Sunday, January 04, 2009

Republicans & the Black Community: Talk is Cheap

H/T Progressive GOP

This letter was originally sent from the late State Representative Sherman Parker of Missouri to then-RNC Chairman Ken Mehlman in 2005. Perfectly addresses the current situation and presents a solution you've seen advocated on this very blog: recruiting candidates appropriate to the district.

Chairman Mehlman

Republican National Committee

310 First Street, SE

Washington, DC 20003

Re: Talk is Cheap

Dear Chairman Mehlman:

You and President Bush are spending a considerable amount of time talking to African-Americans, coining phrases such as the "party of Lincoln and Frederick Douglass." What does that mean if your only goal is to marginally break off the African-American vote? It is embarrassing and you are doing the African-American community a disservice. You are not creating a political infrastructure that competes with the Democratic party. Packing the podium with minority faces at Republican events is meaningless from a black perspective. The African-American voter is more sophisticated than that. The Republicans' only budgeted one to two million dollars to reach black voters, (less than the cost to produce one Super Bowl ad). The fact that there are no major black elected policy makers serving in any state capitol, the United States Senate or the House of Representatives, leaves African-Americans no alternatives to the Democrats.

Conventional wisdom would have us believe that African-Americans began their defection from the GOP for economic reasons during Franklin D. Roosevelt's social-welfare programs of the New Deal, thus becoming a reliable component of the big-city Democrat machines. The African-American embrace of the Democratic Party became even more prevalent during the 1960's; blacks voted overwhelmingly for Presidents' John F. Kennedy and Lyndon B. Johnson. The black vote led to the sweeping civil rights programs, which transformed a nation.

While it is true in part, that Democrats were successful in the battle over African-American voters by presenting them a convincing message, that message may have never been received had it not been used in conjunction with the Democrat Party's considerable effort to legitimize that message by electing African-Americans to office. Any electorate is naturally skeptical and distrusting of politicians and their promises. Given this, the objective of any candidate is to get the electorate to relate to the candidate on a personal level in order to gain their trust, and therefore trust their message. In electing African-Americans, Democrats gained messengers capable of relating to the communities that they were asked to persuade. Democrats drew majority African-American districts, raised money for African-American candidates, provided grassroots mechanisms, and advanced the stature of their African-American officials. Through the gain of African-American officials, these communities were also privy to the same political graft that was so prevalent in Democrat machine politics, which in turn, solidified support among their community leaders.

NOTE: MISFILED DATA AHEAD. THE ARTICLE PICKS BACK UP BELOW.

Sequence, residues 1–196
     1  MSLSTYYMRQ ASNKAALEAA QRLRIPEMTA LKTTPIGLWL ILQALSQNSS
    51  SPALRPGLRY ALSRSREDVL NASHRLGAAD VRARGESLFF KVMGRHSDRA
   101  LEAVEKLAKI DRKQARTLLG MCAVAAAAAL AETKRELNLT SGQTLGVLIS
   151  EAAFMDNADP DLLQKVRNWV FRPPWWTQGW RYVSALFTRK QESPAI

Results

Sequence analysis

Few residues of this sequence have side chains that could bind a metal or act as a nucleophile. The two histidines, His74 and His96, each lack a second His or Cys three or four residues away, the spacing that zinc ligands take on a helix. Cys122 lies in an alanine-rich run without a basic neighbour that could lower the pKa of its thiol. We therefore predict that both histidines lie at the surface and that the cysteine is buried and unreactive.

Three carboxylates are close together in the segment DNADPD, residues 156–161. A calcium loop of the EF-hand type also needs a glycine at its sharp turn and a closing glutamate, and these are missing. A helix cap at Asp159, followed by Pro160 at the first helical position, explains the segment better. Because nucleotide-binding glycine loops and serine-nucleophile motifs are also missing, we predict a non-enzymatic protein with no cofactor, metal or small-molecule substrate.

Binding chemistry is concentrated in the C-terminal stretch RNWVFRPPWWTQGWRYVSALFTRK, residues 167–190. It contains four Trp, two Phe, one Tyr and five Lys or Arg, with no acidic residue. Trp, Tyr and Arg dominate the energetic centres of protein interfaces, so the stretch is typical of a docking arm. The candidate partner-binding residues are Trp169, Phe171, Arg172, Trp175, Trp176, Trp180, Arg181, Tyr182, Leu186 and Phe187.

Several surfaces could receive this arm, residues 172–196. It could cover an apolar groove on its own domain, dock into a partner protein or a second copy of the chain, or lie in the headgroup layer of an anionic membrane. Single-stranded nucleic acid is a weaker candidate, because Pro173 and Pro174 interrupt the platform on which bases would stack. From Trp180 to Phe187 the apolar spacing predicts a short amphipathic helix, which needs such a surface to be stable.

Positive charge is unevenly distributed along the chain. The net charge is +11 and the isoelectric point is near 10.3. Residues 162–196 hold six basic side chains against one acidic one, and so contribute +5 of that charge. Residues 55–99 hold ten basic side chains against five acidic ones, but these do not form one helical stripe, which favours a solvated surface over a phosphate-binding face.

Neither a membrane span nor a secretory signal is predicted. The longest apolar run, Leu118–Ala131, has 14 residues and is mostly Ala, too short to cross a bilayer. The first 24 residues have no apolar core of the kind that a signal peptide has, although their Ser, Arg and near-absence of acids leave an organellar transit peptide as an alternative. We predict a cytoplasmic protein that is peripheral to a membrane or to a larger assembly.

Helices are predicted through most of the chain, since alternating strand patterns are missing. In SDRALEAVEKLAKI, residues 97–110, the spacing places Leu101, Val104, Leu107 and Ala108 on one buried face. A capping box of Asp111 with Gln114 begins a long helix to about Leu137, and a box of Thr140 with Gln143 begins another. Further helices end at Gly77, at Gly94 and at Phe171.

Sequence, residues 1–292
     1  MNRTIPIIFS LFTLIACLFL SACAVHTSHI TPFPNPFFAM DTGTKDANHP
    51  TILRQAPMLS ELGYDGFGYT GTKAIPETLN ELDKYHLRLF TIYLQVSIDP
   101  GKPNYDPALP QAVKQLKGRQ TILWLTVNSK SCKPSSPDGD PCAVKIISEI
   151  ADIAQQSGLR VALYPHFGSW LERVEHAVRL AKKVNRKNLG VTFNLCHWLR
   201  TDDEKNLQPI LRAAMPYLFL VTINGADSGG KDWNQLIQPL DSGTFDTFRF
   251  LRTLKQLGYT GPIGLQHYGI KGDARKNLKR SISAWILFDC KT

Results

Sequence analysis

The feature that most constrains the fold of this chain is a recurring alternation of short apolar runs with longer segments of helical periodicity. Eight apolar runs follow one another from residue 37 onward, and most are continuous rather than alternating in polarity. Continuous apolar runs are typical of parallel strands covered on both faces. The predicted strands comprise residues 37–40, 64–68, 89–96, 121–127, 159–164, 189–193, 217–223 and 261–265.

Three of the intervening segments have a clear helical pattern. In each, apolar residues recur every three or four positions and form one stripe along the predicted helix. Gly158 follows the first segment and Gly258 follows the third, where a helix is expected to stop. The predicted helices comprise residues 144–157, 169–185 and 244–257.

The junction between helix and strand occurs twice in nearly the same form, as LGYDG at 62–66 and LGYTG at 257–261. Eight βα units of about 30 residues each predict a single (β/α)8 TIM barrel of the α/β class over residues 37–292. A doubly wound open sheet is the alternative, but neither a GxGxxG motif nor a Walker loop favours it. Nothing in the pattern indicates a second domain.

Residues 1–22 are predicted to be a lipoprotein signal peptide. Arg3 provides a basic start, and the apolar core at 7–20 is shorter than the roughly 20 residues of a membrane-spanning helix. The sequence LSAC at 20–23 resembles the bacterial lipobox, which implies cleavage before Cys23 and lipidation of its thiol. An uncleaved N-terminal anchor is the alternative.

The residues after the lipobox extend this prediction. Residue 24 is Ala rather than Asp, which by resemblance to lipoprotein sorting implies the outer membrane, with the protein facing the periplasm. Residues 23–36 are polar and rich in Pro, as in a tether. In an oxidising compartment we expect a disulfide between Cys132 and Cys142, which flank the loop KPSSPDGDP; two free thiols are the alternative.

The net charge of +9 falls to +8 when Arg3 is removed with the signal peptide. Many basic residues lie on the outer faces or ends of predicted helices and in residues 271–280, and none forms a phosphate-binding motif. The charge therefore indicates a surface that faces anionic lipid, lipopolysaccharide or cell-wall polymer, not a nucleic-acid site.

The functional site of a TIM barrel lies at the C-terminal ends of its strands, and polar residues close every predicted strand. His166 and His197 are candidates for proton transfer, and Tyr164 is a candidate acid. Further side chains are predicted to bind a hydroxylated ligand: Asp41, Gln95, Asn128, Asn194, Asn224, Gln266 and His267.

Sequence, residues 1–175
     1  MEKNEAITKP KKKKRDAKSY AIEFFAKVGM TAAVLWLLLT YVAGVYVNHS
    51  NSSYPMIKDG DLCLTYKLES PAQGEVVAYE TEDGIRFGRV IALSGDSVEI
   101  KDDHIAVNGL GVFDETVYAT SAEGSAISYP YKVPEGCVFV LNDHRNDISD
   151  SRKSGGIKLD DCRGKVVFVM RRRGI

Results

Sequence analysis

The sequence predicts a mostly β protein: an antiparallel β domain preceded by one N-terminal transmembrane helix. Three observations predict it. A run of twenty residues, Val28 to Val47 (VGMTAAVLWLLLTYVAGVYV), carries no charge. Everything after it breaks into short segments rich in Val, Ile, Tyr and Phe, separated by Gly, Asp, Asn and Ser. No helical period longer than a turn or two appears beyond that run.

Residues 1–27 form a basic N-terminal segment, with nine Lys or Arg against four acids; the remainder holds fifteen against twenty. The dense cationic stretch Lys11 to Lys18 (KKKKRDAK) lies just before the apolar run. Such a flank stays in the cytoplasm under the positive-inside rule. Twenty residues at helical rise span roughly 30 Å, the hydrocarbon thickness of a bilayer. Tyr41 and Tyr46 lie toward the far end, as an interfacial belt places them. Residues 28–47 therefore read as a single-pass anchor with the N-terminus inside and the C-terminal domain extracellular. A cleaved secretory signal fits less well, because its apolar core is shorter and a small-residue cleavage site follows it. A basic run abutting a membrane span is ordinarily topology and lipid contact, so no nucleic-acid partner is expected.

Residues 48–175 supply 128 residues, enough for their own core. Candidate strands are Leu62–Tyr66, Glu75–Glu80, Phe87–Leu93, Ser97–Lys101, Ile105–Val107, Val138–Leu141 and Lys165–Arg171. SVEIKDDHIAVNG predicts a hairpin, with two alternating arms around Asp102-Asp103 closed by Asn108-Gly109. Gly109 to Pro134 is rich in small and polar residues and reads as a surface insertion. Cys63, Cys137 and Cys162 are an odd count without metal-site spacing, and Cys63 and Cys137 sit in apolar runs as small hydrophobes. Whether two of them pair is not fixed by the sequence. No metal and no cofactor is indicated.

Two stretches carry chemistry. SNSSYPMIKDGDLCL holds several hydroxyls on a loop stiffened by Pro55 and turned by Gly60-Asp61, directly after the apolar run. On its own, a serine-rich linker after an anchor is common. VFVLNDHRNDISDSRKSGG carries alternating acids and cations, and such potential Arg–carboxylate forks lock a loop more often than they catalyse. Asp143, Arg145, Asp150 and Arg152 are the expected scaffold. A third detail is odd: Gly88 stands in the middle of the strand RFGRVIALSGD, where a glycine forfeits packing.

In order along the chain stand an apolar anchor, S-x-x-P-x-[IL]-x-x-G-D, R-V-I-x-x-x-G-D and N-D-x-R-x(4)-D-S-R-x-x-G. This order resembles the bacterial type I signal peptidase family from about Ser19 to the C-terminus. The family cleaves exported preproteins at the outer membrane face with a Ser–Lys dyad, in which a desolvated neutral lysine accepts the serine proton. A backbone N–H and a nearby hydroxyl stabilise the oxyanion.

During the Great Depression, we saw the rise of African-American Democrats such as Adam Clayton Powell of New York and William Levi Dawson of Chicago in city halls and in Congress. Does anyone think Mayor Daley cared about African-Americans in Chicago? NO! Does anyone really think FDR cared about the problems African-Americans were facing in the South? If so, why didn't President Roosevelt make one public statement or one speech pertaining to the disgraceful lynching of African Americans during his nearly four terms? The Democrats' focus was to keep a safe majority for the Democratic Party and to stay in power. During this period, the Republican Party took the African-American community for granted, because they were the party of the great African-American emancipator, Abraham Lincoln.

The problems still rest with the Republicans. Republicans cannot ignore Black voters all year long and then create outreach programs with the goal of siphoning off 10% to 15% of the African-American vote. This approach does not empower African-American Republican leaders. It leaves African-American candidates out to dry with little or no financial resources or other serious commitments, usually after they were encouraged to run for office. Like other top-down efforts, the present African-American Advisory Council is destined to be a complete failure. This approach doesn't build a grassroots organization needed to win future elections. It only leaves future Republican candidates, especially those with limited resources, thinking that it's no use even trying to compete for the African-American vote, since past efforts leave little to show.

Electing African-Americans to legislative, statewide, and congressional office is the only way we are going expand the base of the Republican Party. The typical "outreach" approach does not work. No one listens to paid minority consultants or surrogates. Today's status quo presents African-Americans and other minorities with the only choice of voting for African-Americans/minority

Democrats - many of which are elected officials with high profiles who live in and/or have personal support in the community . The last-minute, Republican outreach program of advertisements and non-elected surrogates will fail, as it always does.

We need to elect African-American Republicans to State Legislatures, Statewide Offices, Congress, and ultimately the White House.

State Representative Sherman Parker of Missouri passed away last year

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